L’avenir means The Future in French, although it is principally the past which detains filmmaker Mia Hansen-Løve in this, her fifth feature. She casts Isabelle Huppert as Nathalie, a middle-aged philosophy professor who – alone and unmoored – rethinks her already much-examined life after an unforeseen divorce.
“I think I’m too old to be an anarchist,” she tells one young friend. “I tried it years ago.” Huppert is never less than brilliant; and here it is easy to find much to admire in her portrayal of Nathalie, a woman equipped with robust intellectual armour yet who struggles to process a series of professional and personal upheavals.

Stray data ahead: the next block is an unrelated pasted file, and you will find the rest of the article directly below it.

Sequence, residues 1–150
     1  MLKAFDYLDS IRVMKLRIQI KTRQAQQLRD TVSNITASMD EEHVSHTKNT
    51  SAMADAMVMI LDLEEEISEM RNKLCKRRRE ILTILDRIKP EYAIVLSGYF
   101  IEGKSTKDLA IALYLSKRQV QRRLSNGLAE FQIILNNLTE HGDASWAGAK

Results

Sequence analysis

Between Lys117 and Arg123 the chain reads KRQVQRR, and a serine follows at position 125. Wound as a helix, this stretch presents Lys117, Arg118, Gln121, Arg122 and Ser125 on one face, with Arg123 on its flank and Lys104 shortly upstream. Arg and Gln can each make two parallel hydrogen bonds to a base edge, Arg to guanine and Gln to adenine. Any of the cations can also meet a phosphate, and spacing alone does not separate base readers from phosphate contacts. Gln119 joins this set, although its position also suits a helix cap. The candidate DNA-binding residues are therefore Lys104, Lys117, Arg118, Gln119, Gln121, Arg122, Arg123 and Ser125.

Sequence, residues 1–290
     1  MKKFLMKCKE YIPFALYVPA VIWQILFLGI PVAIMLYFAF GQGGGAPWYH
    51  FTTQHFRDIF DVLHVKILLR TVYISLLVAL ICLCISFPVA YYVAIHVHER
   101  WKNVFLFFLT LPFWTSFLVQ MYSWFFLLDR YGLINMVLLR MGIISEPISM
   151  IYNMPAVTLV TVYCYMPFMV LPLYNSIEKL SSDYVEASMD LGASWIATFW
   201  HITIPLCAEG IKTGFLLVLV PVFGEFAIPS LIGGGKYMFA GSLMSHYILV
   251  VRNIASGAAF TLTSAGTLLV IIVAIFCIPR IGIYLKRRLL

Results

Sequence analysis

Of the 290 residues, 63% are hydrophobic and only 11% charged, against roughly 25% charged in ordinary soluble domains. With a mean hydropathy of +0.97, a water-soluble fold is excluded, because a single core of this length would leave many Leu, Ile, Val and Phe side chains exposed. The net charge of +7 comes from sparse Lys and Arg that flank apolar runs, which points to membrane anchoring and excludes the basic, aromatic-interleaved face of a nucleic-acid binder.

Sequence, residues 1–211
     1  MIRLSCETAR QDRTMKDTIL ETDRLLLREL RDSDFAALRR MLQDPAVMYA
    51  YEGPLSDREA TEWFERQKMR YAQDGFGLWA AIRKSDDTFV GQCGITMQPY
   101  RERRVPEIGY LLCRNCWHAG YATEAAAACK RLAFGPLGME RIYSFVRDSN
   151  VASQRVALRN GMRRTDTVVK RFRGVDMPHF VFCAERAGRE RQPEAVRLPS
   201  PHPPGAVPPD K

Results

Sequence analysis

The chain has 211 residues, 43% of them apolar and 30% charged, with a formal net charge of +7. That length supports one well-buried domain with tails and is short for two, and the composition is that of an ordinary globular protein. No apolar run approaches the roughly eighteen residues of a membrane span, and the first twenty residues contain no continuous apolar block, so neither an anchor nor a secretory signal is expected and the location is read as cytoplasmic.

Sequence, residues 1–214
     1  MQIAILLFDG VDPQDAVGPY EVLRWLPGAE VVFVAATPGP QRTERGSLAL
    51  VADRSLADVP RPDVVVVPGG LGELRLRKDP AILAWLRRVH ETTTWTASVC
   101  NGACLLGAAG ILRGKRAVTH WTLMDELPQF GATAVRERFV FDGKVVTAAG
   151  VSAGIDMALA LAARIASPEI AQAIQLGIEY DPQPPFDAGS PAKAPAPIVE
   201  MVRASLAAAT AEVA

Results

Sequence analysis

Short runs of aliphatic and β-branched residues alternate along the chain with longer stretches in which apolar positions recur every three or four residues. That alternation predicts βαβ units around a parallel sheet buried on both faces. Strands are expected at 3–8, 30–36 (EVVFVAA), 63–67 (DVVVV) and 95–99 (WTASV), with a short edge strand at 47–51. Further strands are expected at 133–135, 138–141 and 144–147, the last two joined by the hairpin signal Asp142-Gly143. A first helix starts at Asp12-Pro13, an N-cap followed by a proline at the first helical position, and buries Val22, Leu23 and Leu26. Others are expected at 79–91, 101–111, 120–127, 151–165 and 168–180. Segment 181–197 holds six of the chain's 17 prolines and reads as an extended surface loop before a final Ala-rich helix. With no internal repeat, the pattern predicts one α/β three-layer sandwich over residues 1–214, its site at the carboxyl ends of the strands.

Hansen- Løve asks us to think about new beginnings; yet Nathalie is the sum of her experiences including her radical youth and early literary prestige, both of which come back in to play here, alongside older personal relationships.
This is a deeply moving philosophical film which avoids all the cliches of Hollywood and is therefore a real delight to see, a rare film of profound intelligence, thought provoking and deeply caring. Those who expect this film to slip into sentimentality or romance will be disappointed but as a portrayal of a real intelligent woman and the choices she makes this is truly wonderful.